• Vertical [24.30; cp. Acts 1.11] not horizontal coming of the son of man [24.4-5].
  • Immediately after the tribulation…and then the son of man appears” [24.29; cp. 24.14].
  • Inconsistent to break up the narrative: literal [natural disasters] vs figurative [cosmic signs].
  • No resurrection-rapture [24.31; cf. Jer. 30.7; 1Thess 4:16-17; John 5:28-29].  
  • Not clear whether Jesus even knew [cf. John 2.13-22] since he deals with the future only, as do the Apostles [v.3].
  • Believers must go through tribulation[s]: 24.22-24, 31; Dan. 7.25; cp. Acts 14.22; John 15.20.
  • Not only does the evil prince come to his end ([Dan 9.26-27] Titus did not), but war will be a feature of the last — 70th— “week” of years. But no war occurred in ca. AD 27-34.
  • The Great Tribulation has not been ongoing since 70AD.
  • The original hearers/readers [before 70AD] would have understood that this represented anything but “the end of the age”.
“[Mat 24.21] Suffering unlike anything that has happened. While the events of a.d. 70 may reflect somewhat the comments Jesus makes here, the reference to the scope and severity of this judgment strongly suggest that much more is in view. Most likely Jesus is referring to the great end-time judgment on Jerusalem in the great tribulation.” NET Bible

"The phrase its desolation is a reference to the fall of the city, which is the only antecedent present in Luke’s account. The parallels to this in Matt 24:15 and Mark 13:14 refer to the temple’s desolation, though Matthew’s allusion is clearer. They focus on the parallel events of the end, not on the short term realization in a.d. 70." NET Bible, Luke 21.20.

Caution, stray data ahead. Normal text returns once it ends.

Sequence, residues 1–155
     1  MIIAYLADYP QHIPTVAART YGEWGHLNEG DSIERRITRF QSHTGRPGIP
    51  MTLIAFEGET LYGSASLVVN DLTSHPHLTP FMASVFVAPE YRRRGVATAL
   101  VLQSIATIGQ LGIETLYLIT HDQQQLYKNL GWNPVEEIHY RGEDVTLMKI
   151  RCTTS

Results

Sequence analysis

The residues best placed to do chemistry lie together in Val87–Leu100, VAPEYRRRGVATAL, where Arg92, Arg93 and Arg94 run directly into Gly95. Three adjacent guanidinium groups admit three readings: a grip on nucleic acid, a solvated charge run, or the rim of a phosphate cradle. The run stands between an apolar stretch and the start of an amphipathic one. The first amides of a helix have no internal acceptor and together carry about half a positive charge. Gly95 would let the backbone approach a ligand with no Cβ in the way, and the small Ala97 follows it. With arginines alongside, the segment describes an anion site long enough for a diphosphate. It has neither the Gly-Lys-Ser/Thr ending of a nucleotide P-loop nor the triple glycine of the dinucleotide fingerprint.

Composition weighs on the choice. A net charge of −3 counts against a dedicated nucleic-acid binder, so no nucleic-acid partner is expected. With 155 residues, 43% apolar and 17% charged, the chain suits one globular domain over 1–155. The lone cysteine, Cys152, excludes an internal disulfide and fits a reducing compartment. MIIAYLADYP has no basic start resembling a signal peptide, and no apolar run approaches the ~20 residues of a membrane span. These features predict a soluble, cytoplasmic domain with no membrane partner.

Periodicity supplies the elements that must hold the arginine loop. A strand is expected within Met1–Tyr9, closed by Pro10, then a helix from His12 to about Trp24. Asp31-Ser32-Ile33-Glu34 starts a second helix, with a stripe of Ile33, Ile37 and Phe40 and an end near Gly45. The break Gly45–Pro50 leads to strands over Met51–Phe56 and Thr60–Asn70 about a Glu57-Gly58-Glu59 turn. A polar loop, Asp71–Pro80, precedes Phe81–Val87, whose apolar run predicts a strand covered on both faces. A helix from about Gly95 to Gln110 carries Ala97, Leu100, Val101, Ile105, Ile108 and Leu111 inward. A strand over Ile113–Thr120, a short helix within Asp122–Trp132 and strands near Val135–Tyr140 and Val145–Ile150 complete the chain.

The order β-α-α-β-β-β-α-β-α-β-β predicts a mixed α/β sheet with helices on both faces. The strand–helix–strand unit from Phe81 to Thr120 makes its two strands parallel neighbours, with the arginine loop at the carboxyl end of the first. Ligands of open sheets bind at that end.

“…Jesus weaves the mention of His coming into this whole section (cf. v. 14, where the end should probably be connected with His coming on the strength of v. 3; cf. also vv. 27, 30), and the extreme conditions of vv. 21-22 make it unlikely that AD 70 are in view.
“The possibility of this reference is not weakened by the objection, "that the prophecy Daniel 11 and Daniel 12:1-13 was generally regarded as fulfilled in the Maccabean times, and that the fulfilling of Daniel 9 was placed forward into the future in the time of Christ"…because the Lord can have a deeper and more correct apprehension of the prophecies of Daniel than the Jewish writers of His time; because, moreover, the first historical fulfilling of Daniel 11 in the Maccabean times does not exclude a further and a fuller accomplishment in the future, and the rage of Antiochus Epiphanes against the Jewish temple and the worship of God can be a type of the assault of Antichrist against the sanctuary and the church of God in the time of the end…On these grounds we must affirm that the reference of the words under consideration to the desecration of the temple before the destruction of Jerusalem by the Romans is untenable.” Keil and Delitzsch OT Commentary

What is “the sign of the son of man” [24.30]?
  • Jesus himself [Dan. 7.13-14].
  • Like his 1st coming [Mat 2.2, 9-10], a star/cosmic sign.